The way I work capitalises on the fact that I am both myopic and lazy by nature and my attention span complements this. I can deliver a three hour workshop but can’t imagine how teachers last a week, I can write a blog but not a book, and I can create a five minute video but the less said about my efforts on film the better. All too soon, something else takes my attention or my curiosity wanders, and I want to do something completely different and unrelated. I am what Liz Gilbert describes as a hummingbird; I just don’t have the stamina. Thanks to my friend’s careful and skilled guidance, I’ve realised that if I am to get anywhere with this project, I need to combine multiple deadlines with frequent feedback and short-term quick wins.
So I have set out on a new journey over old ground. Using the narrative already written as a pile of raw material to begin with, I have started to cut off digestible chunks that can be edited, revised and polished as podcasts. By reacquainting myself with the skills taught to me by John Leonard at the Guildhall School of Music and Drama in the late 1980’s, and Roy Spencer at The Arts Educational Drama School in the early 1990’s, I am acting as sound engineer and voiceover artist for a series of short podcasts. Rather like the HS2 Tunnel Boring Machine currently chewing its way towards Birmingham beneath The Chilterns, as each recording is produced, the distance left to travel becomes that much less; something that should register as a slowly moving blip on my motivational radar. The hope is that when it’s complete, I will have accidentally created the structure and content of the book that I can’t seem to write.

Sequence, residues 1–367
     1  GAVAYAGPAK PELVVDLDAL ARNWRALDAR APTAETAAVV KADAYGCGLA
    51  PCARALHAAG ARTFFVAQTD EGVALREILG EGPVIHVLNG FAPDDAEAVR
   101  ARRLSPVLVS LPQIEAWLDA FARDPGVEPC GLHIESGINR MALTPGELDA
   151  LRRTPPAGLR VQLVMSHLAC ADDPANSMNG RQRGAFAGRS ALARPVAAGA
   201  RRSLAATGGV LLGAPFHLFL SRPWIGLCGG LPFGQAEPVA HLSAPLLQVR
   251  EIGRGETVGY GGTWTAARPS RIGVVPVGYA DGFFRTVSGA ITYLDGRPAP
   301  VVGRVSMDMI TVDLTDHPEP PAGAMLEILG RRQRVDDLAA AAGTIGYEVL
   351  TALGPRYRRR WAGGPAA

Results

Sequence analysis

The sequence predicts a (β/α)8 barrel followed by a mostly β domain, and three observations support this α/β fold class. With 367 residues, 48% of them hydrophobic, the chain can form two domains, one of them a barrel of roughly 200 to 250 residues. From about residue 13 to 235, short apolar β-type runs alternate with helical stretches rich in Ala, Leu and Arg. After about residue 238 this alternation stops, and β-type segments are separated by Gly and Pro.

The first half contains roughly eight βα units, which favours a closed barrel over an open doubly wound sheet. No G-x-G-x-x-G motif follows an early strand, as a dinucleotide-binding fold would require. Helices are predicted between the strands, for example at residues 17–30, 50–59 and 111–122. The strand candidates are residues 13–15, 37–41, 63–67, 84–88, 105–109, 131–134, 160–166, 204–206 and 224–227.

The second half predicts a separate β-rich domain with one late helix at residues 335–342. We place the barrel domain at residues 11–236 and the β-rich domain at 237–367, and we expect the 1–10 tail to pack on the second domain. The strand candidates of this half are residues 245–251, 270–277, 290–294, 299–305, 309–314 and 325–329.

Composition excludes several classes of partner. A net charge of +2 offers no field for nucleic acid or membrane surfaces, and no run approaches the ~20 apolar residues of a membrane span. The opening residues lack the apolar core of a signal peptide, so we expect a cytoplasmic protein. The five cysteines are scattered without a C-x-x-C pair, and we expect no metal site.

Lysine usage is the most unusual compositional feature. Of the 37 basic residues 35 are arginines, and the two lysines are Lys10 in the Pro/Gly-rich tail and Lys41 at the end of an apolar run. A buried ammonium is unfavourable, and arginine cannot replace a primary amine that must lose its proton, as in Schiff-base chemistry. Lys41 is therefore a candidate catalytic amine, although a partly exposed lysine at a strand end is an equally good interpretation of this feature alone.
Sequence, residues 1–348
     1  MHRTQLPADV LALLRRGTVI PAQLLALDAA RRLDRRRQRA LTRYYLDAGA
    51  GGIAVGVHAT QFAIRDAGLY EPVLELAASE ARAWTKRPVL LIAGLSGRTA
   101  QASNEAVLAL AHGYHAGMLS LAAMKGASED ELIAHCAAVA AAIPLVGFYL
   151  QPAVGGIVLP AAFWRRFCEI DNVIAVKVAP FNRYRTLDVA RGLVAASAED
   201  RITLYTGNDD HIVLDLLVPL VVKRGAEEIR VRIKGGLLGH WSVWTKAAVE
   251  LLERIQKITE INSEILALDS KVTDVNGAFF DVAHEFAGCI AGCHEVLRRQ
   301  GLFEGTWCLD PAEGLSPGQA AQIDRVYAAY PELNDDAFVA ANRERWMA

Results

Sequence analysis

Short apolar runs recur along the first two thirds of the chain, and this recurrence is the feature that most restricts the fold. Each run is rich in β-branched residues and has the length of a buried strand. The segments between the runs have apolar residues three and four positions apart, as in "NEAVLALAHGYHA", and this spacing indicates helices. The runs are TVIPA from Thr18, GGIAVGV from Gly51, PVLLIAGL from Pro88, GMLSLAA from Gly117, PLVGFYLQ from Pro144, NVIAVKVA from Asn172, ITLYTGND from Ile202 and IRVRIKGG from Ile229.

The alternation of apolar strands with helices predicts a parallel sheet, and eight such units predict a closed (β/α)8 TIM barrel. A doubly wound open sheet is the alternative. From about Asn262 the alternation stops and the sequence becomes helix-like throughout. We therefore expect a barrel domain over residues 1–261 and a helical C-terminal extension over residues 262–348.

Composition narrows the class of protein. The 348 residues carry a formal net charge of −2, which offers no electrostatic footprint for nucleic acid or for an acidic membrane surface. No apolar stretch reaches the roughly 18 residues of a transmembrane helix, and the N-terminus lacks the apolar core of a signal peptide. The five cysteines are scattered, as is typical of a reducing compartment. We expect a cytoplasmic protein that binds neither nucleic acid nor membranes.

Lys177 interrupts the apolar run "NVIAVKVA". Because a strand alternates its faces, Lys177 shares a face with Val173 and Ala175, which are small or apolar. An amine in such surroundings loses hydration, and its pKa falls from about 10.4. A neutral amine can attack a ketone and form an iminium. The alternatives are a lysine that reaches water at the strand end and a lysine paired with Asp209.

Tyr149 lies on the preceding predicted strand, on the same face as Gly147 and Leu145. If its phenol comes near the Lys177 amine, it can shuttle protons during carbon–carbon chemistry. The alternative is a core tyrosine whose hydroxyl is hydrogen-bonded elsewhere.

The purpose of posting this blog is to create a sense of expectation and obligation for me to meet. I aim to create podcasts of approximately ten minutes in length and publish them on a weekly basis, with the final episode being drafted throughout the process in response to the questions, comments and challenges that the recordings hopefully provoke along the way. So far I have completed the first few episodes, and my spare time is dedicated to writing, recording and editing further content in readiness for publication. I’ll need to time the launch carefully, as that will determine the approximate date by which the project must be complete. Experience shows that without such a rock and a hard place, I never seem to get anything done.
Thanks to a few well-phrased questions and poignant silences, I now look forward to working on this project for the first time in years, and I am reminded of and grateful for the fact that a friend in need is a friend indeed.